Legal System Is Still Failing Rape Survivors: Lawyer Vrinda Grover
After the landmark judgement in the Nirbhaya gangrape and murder case upholding the death penalty for all four convicts, The Quint spoke to noted lawyer and human rights activist Vrinda Grover about the verdict. The brutal rape and murder saw 23-year-old medical student Jyoti Singh die of the injuries she sustained on board a moving bus in December 2012. On 5 May, the Supreme Court upheld the Delhi High Court’s pronouncement of the death penalty for the convicts. Hours later, Grover shed light on the issues of importance in the aftermath of the case.
Q: It’s been a case that has gone on for four and a half years, a case in which a lot of Indians feel personally invested, we’ve followed it in the media. If you could tell us what you think is the one positive takeaway, one thing that has changed for the better from this case, and one thing that hasn’t?
Well one thing that it’s shown us is that when the State wants, it has a system, it has a machinery that can work and we would want it to work for every woman’s case that comes, it doesn’t matter whether she’s an Adivasi or a homeless woman or a Dalit woman, it should be made to work. And there should be an investment of the State in that legal process.
The other good thing that has happened is that it generated a social conversation – we can no longer deny that there is such a high rate of sexual violence against women in our midst, we were living in denial. That silence has been broken. I think we are still not ready to point fingers at all places where sexual violence happens – sometimes they are too close for comfort, sometimes they are cloaked in State power or sometimes, like with Bilkis Bano, “those” women because they are “other” women, you are alright with that kind of violence being wreaked on them.
Q: This is a landmark case in many ways. It’s brought in changes in the IPC and the Juvenile Justice Act. Has there been a paradigm shift in the way the Indian judiciary and law enforcement treats rape cases?
It was important that there was a discussion and debate that emerged out of this case, including significant changes which were long overdue in the anti-rape law and other laws related to sexual violence.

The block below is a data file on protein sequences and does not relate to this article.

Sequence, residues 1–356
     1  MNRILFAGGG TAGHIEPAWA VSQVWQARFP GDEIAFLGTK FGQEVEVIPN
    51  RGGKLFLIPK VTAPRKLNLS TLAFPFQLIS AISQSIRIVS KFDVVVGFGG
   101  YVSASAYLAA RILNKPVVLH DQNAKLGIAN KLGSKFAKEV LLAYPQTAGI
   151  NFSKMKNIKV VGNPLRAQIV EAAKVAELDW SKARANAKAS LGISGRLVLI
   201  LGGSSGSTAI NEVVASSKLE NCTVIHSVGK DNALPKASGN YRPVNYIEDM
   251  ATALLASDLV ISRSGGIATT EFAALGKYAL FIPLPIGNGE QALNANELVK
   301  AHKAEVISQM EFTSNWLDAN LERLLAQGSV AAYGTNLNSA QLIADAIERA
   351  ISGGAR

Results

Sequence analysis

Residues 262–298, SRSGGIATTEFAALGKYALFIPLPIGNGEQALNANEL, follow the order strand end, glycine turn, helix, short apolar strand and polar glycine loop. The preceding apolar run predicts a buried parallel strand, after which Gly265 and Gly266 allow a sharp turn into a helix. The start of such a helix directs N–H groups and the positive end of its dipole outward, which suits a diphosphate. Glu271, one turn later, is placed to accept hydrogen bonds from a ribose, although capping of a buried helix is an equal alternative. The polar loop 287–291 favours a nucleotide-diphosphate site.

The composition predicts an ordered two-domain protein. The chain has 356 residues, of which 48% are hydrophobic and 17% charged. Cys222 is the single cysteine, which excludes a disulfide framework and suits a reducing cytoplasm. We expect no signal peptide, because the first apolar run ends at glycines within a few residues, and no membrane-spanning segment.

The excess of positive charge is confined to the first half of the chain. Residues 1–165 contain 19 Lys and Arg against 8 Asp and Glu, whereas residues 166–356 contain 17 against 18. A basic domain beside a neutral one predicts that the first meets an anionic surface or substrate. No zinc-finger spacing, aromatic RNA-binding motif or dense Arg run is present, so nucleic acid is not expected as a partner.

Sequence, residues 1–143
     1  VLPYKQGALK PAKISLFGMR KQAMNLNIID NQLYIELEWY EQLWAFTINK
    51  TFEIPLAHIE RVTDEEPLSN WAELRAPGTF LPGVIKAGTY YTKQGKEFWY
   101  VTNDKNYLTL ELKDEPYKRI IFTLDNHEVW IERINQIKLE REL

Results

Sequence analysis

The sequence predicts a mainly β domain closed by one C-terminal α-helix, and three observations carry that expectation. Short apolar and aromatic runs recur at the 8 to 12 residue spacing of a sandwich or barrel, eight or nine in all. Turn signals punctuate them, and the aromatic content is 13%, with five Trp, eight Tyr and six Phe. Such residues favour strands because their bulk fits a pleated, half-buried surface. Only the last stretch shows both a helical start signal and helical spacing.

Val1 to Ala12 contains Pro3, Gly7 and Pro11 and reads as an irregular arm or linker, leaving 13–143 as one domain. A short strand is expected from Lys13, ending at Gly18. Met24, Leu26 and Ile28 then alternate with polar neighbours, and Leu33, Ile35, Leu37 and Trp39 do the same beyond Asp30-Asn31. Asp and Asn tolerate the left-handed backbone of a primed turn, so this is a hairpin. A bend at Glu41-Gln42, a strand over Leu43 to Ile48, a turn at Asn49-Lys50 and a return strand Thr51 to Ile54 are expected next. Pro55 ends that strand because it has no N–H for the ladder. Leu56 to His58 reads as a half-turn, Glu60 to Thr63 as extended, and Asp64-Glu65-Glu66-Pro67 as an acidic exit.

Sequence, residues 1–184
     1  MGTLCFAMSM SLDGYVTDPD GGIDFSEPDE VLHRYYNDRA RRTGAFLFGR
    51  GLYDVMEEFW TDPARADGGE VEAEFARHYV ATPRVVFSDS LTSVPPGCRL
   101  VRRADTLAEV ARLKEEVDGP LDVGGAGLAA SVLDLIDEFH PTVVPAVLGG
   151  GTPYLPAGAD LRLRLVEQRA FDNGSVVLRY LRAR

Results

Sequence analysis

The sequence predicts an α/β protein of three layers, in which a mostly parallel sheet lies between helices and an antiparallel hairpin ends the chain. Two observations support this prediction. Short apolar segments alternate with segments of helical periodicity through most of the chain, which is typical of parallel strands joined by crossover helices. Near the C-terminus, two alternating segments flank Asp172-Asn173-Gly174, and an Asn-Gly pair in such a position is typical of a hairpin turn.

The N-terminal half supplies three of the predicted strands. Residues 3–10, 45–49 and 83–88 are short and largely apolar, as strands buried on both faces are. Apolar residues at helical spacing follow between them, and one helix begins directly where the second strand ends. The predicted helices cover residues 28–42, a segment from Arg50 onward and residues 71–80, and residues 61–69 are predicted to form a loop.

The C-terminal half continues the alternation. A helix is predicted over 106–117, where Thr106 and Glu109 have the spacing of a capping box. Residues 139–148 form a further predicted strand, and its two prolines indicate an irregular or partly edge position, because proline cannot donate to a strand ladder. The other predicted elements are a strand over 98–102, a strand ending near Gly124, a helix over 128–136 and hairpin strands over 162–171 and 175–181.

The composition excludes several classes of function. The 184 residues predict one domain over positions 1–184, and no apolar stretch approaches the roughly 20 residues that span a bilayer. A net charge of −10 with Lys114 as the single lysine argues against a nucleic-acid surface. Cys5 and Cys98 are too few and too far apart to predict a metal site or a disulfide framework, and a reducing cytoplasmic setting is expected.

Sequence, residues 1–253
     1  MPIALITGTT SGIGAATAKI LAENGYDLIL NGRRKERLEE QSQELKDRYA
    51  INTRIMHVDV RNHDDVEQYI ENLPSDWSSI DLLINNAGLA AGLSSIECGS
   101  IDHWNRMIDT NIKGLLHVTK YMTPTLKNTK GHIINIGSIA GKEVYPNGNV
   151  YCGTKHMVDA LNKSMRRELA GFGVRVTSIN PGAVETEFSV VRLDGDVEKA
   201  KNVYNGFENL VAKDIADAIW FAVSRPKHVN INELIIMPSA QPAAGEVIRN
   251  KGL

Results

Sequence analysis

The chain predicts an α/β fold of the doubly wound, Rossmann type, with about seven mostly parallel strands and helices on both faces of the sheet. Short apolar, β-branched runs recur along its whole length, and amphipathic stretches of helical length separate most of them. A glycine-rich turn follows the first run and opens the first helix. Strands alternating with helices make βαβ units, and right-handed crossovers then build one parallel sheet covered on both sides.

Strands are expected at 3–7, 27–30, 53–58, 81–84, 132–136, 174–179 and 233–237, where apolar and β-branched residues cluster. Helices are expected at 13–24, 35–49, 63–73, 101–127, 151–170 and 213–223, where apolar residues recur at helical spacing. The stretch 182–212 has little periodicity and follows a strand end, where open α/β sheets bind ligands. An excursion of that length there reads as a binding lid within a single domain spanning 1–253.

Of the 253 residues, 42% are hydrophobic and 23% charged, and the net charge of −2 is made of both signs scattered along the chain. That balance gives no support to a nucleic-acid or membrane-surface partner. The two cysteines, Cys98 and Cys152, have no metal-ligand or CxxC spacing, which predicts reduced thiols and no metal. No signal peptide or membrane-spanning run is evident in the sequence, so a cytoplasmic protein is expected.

The upholding of the verdict by the SC today is welcome because offences like this must be punished. However, I have a disagreement with the sentence – I do not think that the death sentence is in any way advancing safety, security or the cause of justice for which I would imagine all of us are engaged in this.
First of all, to equate justice with the death sentence is a very grave error to make and we should completely discard that equation – which is made very casually nowadays. Justice is about conviction and thereafter, for sentencing, courts have to take into account multiple factors, particularly for death sentences to be awarded.
We’ve had death sentence on our statute books for long, death penalty is awarded in terror cases, we have not seen any diminishing of murder, of terror or of any other form of violence. It has been established through extensive studies that death sentence is not a deterrent.
I do these trials and I can show you, through chargesheets, how the investigation remains very casual, important documents are not taken, nobody is paying attention, there is no proper supervision, the prosecution is indifferent, the trial process remains harsh, and there are inherent prejudices against women which continue to haunt our legal system.
Those are the areas where the spotlight should be. What is happening today is, everybody is behaving as though there was one and only one gangrape that took place in this country ever. I am glad that in the case of Nirbhaya, there is a conviction, there is a determination of guilt. But it’s not as though the lot of women in this country is going to change overnight.
By all accounts and studies, the largest number of instances of sexual violence and rape are by men known to the woman or to the girl child, so it’s happening in my neighbourhood, it’s happening in my home, it’s happening in my extended family, it’s happening routinely to Dalit women, their FIRs don’t get lodged, it’s happening to Adivasi women by security forces in Bastar, the NHRC tells us that.
Q: Ghulam Sarwar (question on Facebook live): Do you think justice for Bilkis Bano took too long?